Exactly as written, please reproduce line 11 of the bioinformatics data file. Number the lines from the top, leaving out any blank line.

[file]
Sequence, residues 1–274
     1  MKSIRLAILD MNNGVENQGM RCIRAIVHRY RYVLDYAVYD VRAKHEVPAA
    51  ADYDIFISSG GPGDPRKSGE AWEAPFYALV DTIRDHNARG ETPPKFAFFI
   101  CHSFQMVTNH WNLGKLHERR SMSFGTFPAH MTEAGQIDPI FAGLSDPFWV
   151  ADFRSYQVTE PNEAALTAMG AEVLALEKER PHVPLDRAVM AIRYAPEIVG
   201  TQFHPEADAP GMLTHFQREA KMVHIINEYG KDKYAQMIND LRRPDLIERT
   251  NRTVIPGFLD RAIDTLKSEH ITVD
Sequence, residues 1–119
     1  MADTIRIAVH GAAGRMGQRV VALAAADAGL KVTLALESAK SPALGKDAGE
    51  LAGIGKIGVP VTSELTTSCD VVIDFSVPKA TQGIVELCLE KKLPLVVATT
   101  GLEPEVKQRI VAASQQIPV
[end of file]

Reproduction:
   101  GLEPEVKQRI VAASQQIPV